When an athlete becomes injured, he or she may require a period of rehabilitation before competing again. After a general sports medicine physician or orthopod diagnoses the injury, physical therapy may be prescribed depending on its severity.
The objective is for the athlete to recover as quickly and safely as possible with the best outcome. Sports physical therapists specialize in applying the proper exercises and therapeutic modalities to achieve this goal.
A post-graduate Doctor of Physical Therapy (DPT) degree is first required and qualifies the graduate to practice as a general Physical Therapist. DPT programs usually take 3 years to complete with some providing a specialization track in sports medicine. It’s not uncommon for students interested in sports physical therapy to earn their bachelor’s degree in exercise science or athletic training or master’s in exercise physiology prior to enrolling in a DPT graduate program.
Offered as a voluntary certification, entitled ‘Sports’, by the American Board of Physical Therapy Specialties (ABPTS), physical therapists must meet certain criteria to become certified in this area of specialization.
ABPTS Sports Specialist Certification
The following are requirements to be eligible for board-certification in the Sports subfield:
Current licensure to practice in your state as a physical therapist
Certification in CPR through American Red Cross’ CPR for the Professional Rescuer course OR American Heart Association’s Basic Life Support (BLS) program
Certification/Licensure as a Paramedic, Emergency Medical Technician (EMT), or Emergency Medical Responder (Red Cross) OR a National Athletic Trainers Association (NATA) board certified athletic trainer
At least 2,000 hours of direct patient care in sports medicine setting OR completion of an APTA-accredited clinical residency in sports physical therapy
PTs that are ABPTS board-certified sports specialists sometimes hold certifications from fitness-related organizations. For example, they may be an American Council on Exercise (ACE) certified Therapeutic Exercise Specialist or National Academy of Sports Medicine (NASM) certified Corrective Exercise Specialist. Additional certifications help in complementing their applied knowledge of optimal recovery solutions for injured athletes.
The job duties of a sports PT can be very similar to that of a general PT. The following is an overview of how a sports PT would treat an athlete patient.
Once physical therapy is prescribed for an athlete, the physical therapist performs an evaluation to determine what limitations are present. The first part of the evaluation will consist of a subjective portion: the athlete will describe the nature of the injury- how it happened and what part of the body was injured- and what physical problems he or she is having. This opportunity is also used to find out what medications the athlete is taking, either prescribed or over the counter, what his or her psychological state is and past medical history. The second component of the evaluation consists of objective findings gathered by using manual techniques and measuring devices. Two instruments used during this portion of the evaluation include a goniometer to measure joint angles and a tape measure, to determine degree of swelling or muscle loss associated with injury.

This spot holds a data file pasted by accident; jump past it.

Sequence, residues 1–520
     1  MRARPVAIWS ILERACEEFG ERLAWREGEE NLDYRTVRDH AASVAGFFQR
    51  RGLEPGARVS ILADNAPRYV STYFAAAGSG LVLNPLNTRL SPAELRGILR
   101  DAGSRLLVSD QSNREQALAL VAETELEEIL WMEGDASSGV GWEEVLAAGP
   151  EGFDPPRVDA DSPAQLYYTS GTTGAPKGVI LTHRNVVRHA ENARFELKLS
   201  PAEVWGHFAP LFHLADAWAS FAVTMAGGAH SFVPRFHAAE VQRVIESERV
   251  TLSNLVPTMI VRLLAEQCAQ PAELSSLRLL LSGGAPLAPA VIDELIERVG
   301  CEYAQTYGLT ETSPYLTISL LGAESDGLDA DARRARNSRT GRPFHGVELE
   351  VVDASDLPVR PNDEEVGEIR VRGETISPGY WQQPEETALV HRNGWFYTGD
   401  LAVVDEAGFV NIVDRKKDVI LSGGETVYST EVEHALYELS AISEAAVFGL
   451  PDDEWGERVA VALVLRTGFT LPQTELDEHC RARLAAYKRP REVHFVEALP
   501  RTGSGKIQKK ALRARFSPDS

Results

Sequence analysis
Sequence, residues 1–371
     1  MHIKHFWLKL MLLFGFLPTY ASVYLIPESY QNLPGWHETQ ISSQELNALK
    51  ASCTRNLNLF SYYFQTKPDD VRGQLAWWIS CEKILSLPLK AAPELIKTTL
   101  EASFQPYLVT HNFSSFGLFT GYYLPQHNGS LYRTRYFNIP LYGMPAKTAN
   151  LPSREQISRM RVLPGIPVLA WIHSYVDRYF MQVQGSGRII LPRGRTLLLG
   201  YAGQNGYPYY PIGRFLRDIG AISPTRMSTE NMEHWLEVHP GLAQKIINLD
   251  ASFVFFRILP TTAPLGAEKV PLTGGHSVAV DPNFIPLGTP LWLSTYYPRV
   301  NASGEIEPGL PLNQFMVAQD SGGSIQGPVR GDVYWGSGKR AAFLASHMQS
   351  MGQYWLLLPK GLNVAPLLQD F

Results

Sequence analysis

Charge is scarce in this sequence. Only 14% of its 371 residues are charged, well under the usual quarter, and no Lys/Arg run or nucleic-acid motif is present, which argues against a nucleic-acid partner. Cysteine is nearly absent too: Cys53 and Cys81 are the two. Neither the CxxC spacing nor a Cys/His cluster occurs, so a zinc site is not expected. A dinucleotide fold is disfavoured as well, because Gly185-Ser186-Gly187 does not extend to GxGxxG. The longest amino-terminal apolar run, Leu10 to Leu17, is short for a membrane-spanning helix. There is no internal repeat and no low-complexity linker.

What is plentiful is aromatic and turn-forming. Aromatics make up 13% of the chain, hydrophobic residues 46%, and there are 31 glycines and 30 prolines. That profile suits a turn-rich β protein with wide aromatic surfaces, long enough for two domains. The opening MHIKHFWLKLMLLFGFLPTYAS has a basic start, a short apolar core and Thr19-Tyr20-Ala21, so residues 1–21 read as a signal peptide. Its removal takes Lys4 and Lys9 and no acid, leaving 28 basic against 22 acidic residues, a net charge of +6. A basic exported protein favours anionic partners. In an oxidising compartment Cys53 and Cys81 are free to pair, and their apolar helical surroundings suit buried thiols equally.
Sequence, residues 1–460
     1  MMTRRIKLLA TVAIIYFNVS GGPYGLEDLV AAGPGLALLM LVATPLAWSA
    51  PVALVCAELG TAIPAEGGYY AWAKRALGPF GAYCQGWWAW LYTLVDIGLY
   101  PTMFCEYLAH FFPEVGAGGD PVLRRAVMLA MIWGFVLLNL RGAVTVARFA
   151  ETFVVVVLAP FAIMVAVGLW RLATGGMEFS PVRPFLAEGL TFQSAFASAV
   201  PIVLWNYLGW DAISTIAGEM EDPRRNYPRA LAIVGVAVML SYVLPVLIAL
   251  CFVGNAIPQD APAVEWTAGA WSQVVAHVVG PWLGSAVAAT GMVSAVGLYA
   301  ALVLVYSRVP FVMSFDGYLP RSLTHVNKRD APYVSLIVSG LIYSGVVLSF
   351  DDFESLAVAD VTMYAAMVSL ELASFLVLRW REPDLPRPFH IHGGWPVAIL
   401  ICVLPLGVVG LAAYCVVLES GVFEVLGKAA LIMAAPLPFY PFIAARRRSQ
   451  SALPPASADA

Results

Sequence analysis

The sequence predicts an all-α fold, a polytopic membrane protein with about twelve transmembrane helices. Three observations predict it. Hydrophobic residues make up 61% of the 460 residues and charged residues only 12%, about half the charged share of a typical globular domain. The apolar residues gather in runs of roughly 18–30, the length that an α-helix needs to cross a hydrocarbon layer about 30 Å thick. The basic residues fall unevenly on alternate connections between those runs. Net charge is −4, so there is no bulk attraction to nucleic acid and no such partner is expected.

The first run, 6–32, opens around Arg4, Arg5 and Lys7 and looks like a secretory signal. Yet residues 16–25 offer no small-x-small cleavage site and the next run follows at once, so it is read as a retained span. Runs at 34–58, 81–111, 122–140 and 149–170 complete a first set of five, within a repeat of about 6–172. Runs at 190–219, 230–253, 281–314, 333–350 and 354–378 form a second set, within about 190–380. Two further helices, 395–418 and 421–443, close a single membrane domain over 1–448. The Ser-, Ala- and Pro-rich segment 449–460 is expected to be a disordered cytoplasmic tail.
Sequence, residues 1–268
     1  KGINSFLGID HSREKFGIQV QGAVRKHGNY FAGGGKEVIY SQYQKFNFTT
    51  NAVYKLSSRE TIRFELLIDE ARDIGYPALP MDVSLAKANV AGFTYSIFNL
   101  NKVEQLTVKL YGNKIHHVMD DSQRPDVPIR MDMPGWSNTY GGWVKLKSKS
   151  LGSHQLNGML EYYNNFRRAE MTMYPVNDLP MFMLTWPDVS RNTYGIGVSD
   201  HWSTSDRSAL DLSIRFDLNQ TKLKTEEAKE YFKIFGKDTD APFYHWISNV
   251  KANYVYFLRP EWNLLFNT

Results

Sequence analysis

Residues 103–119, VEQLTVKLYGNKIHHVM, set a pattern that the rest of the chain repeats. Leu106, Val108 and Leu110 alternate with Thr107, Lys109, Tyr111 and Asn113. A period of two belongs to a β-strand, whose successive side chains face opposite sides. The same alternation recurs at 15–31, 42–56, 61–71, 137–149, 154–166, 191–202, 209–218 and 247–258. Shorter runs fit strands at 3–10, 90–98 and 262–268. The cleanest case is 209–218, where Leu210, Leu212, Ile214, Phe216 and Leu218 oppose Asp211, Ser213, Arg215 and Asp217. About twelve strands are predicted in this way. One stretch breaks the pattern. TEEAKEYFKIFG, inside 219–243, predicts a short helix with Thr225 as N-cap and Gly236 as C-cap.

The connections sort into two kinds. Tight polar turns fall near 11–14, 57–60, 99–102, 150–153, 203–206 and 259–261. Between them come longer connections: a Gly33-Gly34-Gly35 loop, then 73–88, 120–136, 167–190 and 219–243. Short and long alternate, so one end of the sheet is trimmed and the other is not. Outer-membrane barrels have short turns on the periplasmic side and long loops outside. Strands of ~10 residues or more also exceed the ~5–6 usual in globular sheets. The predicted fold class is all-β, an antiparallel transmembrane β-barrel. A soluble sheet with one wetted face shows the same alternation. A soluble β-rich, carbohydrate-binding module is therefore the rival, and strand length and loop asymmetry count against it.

Collectively, deficits or problems may be found in the following:
- Range of motion
- Proprioception, or awareness of posture, movement, and change in the equilibrium of the body
- Neuromuscular coordination
After the objective data is collected, the physical therapist will determine what goals need to be set to return the athlete to a competitive condition. This is known as the assessment portion of the evaluation. Short-term goals are set for a few days or weeks. For the athlete to return to competition, long-term goals are also set and these will ultimately need to be achieved for an athlete’s successful recovery.
A simple way to remember the process of the evaluation is by using the acronym SOAP:
S: Subjective – Gather subjective data from the athlete.
O: Objective – Gather objective or measurable data.
A: Assessment – Set short- and long-term goals as well as identifying deficits.
P: Plan – Determine the course of action to reach the goals.
Finally, the sports physical therapist devises a plan of therapeutic treatments and exercises to use to reach the short- and long-term goals in the shortest and most safe amount of time.
Depending on the severity of the injury, therapy may be scheduled daily for severe injuries or only one to two times a week for minor sprains and strains. Generally, the physical therapist treats the athlete’s deficit through different stages of therapy.
4 Primary Job Duties of a Sports Physical Therapist
1. Decrease the pain level, using manual techniques like massaging or modalities such as electrical stimulation, heat, or cold.
2. Improve the range of motion in an affected limb or area with manual techniques such as massage; passive or assisted exercise; and with modalities such as ultrasound, hydrotherapy or a combination of several of these.
3. Increase strength to a functional level by using weight machines, free weights, the athlete’s body weight, and static resistance.
4. Improve agility, quickness, reaction time, speed, proprioception, and eventually sport-specific performance in preparation for returning to practice and competition.
Why Sports PTs are Necessary
It’s important that an athlete is trained in a manner that simulates his or her sport towards the end of therapy. For example, a football player with a torn ACL requires a much different recovery plan compared to a baseball player with a torn rotator cuff.
Applied knowledge of sport-specific rehabilitation and exercises enables sports PTs to help their clients achieve a level of physical ability that will allow both a safe and optimal return to competition.